Jessica Ledbetter

UDS-N: Wednesday sessions

Attended what I could on Wednesday but, as I said, work came first. The sessions I tried to listen in were: Provide the foundation for building web-based community applications, Internet Relay Chat (IRC) workshops, Natty Local Community (LoCo) Directory plans, and the plenary “Back to Basics.”

Summation

Ubuntu is growing. With the growth, there’s a “scaling” problem that might make it more difficult to contribute. Instead of being taken over by processes, how can we make it easier? I think that’s the meme I’ve been seeing for a few days: scaling.

Provide the foundation for building web-based communication applications

More Django! Other technologies discussed were JSON and Postgres. Since I grabbed the LoCo Directory code, I have been turned on to the wonder of using SQLite for development work. However, someone mentioned a problem with that working but going to Postres on production showed a problem. Maybe a staging area. Speaking of potential errors, what about testing? Maybe some unit tests in Python. Perhaps with a base Django application unit tests could be in there that we could extend from. I know how hard it can be to get started with unit tests. Adding more tests as you code is too.

IRC workshops

First, what’s broken? I know as someone that’s been in both the classroom and classroom-chat channels, I agree with the general consensus that things are not broken. Room for improvement? Sure!

Lernid came up again. I’ve grabbed the code from Launchpad and have started looking at it. There are a lot of bugs out there and I’m not sure where to start. Like I said before, I really don’t want to see it die but I’m no Python guru — yet. Lernid, I think, really helps make attending the sessions easier by putting the slides in one window, classroom (where the teacher’s text is shown) in another window, and the chat window where the students can ask questions and talk in another. It’s easy to find the sessions because the schedule is right there too. There’s great integration with the helper application (classroom bot) that assists in starting, ending and queuing up questions from the students.

Can you tell I like Lernid? Right. Moving on.

I think it’s easy to both attend and take a class but it could be easier. Someone mentioned not everyone uses IRC. True. Another — I really wish I knew all the voices — mentioned live video stream (ustream like Jono’s) and synced slides. Folks could see my screen as I tell them verbally and show them how to use apt-get moo. What do you think?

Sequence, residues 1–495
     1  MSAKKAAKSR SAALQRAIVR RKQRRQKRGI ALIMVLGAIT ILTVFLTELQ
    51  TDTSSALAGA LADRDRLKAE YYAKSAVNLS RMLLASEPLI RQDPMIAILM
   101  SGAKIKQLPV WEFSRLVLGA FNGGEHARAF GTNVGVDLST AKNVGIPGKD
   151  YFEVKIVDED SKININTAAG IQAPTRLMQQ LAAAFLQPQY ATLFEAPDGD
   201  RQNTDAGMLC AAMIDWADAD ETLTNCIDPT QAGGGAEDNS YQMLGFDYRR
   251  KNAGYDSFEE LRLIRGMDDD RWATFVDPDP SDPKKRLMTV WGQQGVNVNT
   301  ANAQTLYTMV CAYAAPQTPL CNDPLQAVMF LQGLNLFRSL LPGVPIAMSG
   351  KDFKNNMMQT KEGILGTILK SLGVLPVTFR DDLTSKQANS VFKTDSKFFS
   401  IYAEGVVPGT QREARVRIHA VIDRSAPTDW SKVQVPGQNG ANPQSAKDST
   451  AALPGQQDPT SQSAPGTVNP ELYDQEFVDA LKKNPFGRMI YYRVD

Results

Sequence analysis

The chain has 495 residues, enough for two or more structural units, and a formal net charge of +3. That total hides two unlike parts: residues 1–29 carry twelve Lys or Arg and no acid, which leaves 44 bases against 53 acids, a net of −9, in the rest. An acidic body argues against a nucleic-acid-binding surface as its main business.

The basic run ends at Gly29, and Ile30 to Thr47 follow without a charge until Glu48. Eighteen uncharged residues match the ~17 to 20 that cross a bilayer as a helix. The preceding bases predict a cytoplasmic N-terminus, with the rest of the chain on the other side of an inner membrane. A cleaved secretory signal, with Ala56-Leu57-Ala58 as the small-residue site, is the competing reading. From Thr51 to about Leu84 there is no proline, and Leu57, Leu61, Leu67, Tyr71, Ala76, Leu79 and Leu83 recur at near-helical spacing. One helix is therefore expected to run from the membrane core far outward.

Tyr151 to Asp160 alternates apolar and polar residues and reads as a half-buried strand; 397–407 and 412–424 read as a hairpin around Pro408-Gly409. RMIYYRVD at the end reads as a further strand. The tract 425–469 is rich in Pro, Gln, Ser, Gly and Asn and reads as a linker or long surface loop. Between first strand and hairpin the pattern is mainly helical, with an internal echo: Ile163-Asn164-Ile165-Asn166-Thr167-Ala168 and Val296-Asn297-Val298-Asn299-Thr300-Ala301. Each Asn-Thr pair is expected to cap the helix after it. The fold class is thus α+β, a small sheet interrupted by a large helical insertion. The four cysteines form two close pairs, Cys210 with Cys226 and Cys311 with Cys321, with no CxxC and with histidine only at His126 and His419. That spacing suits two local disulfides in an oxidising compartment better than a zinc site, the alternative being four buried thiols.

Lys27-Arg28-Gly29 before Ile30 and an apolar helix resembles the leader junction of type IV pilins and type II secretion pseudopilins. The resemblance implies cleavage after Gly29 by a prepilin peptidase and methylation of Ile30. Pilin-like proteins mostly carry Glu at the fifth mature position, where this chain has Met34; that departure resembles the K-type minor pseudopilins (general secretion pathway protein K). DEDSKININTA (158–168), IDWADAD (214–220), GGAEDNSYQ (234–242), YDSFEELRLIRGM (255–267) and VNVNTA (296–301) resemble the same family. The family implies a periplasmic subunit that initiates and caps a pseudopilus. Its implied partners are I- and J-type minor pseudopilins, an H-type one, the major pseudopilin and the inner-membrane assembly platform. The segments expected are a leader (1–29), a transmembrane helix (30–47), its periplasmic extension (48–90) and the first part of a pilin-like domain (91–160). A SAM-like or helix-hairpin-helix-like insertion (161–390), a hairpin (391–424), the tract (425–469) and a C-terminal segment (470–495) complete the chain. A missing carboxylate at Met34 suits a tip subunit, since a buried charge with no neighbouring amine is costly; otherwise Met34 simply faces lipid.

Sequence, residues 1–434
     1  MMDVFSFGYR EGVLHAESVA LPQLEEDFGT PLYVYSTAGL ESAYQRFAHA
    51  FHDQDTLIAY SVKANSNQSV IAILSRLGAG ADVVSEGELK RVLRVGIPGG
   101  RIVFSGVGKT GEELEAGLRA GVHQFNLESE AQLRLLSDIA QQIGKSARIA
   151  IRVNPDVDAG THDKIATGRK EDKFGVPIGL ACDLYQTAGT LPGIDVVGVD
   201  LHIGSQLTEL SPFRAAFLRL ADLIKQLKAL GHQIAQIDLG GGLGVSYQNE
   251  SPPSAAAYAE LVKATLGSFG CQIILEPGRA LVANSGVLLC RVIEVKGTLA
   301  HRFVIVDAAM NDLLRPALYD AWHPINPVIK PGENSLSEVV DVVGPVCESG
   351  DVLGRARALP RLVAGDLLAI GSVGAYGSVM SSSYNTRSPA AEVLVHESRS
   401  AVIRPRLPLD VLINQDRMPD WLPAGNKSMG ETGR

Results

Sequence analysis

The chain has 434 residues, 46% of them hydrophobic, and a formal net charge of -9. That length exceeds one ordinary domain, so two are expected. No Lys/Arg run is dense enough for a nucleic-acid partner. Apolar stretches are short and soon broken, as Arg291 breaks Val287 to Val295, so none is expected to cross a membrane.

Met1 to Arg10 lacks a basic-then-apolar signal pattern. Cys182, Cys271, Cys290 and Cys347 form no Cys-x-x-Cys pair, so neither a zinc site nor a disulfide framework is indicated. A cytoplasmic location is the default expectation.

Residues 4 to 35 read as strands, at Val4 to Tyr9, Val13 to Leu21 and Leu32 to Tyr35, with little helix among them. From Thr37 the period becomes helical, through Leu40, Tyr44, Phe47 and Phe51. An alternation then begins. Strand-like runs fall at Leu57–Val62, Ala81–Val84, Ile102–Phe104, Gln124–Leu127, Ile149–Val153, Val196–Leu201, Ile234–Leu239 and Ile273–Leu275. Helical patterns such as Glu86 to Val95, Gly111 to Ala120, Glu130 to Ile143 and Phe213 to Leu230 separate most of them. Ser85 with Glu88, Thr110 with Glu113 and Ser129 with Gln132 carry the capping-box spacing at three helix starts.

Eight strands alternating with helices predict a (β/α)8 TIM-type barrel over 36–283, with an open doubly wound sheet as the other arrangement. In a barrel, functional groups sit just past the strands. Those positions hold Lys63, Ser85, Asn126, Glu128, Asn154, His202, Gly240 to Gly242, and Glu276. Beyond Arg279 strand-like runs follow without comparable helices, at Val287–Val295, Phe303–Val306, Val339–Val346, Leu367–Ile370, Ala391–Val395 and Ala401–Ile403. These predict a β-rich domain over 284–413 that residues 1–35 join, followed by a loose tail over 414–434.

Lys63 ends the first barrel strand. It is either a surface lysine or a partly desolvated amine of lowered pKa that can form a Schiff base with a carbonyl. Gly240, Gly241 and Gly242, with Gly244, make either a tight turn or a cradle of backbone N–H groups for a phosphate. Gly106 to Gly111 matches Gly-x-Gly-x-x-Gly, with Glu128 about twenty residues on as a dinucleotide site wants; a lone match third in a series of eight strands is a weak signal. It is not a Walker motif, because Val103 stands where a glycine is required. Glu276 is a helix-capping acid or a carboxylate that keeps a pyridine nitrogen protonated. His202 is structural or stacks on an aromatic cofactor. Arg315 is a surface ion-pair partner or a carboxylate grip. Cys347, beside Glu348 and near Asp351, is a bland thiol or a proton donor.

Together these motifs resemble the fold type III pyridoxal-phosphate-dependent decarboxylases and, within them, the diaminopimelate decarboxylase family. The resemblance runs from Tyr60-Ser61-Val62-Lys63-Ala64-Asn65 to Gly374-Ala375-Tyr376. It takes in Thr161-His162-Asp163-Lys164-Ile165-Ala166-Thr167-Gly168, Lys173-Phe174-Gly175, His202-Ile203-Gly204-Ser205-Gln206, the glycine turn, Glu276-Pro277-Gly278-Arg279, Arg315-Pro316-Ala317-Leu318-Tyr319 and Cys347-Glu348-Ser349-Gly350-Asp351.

Also discussed was the upcoming LoCo Days. I like the idea. I could teach something after work instead of during lunch. We could also get sessions in many languages. Actually, we don’t have to wait! Anyone can schedule the classroom to teach the rest of the community.

Anyone can teach! You probably have something you can contribute. Not sure? Ask. There’s an idea in you. The rest of us can help find it!

Curious about what others have done? (Me too.) You can look through the past sessions held in the classroom. There are also various learning materials, teaching topics, and screencasts.

Learn by teaching. Or learn what you know really well by teaching!

Natty LoCo Directory Plans

Hang out in #ubuntu-locoteams and you’ll see how hard the devs work on this project. There are constantly improvements! Some of the items discussed were: time zone picking, naming conventions, venue locations, LoCos vs Ubuntu team (non-LoCo) events, and more. LoCo Directory is for Ubuntu and all derivatives including Kubuntu.

Plenary: Back to Basics

Jono Bacon, community manager for Ubuntu, talked about getting back to basics. There are over 300 teams and over 1 million people registered on the forums. It’s a big community and with that there are a lot of ways people can contribute and make Ubuntu better. Growth is great but with it can come problems. He called it a scaling problem.

Let’s say you’re new and want to contribute like I do. There’s a lot to know. Even things like how to use a wiki — which, thankfully, I knew already. What can we do to make it easier for people to access the knowledge we all have? Do the processes get in the way or help? How can we keep them as simple as possible?

Ubuntu, as he said, has to be a personal experience not a process experience. I know that I’m very glad to have met the people I have in my journey. How can we keep the personal connection and allow for scalability? The video is here on micro. I really recommend seeing it.

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